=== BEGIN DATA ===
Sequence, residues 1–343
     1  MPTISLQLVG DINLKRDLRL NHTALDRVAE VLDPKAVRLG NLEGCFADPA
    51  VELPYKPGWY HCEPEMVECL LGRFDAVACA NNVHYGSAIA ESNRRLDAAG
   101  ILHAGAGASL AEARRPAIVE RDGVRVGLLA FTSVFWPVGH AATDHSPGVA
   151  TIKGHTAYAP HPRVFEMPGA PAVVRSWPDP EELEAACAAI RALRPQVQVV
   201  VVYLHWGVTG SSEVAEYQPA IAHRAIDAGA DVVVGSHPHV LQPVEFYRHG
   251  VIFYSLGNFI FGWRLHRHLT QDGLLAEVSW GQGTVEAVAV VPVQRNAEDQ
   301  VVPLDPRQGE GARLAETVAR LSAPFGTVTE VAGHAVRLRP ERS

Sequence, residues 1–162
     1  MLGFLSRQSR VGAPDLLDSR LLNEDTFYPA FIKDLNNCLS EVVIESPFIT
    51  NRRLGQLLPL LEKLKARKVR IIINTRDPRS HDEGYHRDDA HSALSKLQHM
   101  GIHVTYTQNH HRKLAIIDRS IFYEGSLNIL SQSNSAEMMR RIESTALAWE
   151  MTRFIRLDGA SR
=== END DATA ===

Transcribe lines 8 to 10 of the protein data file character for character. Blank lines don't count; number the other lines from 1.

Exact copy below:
   301  VVPLDPRQGE GARLAETVAR LSAPFGTVTE VAGHAVRLRP ERS

Sequence, residues 1–162
     1  MLGFLSRQSR VGAPDLLDSR LLNEDTFYPA FIKDLNNCLS EVVIESPFIT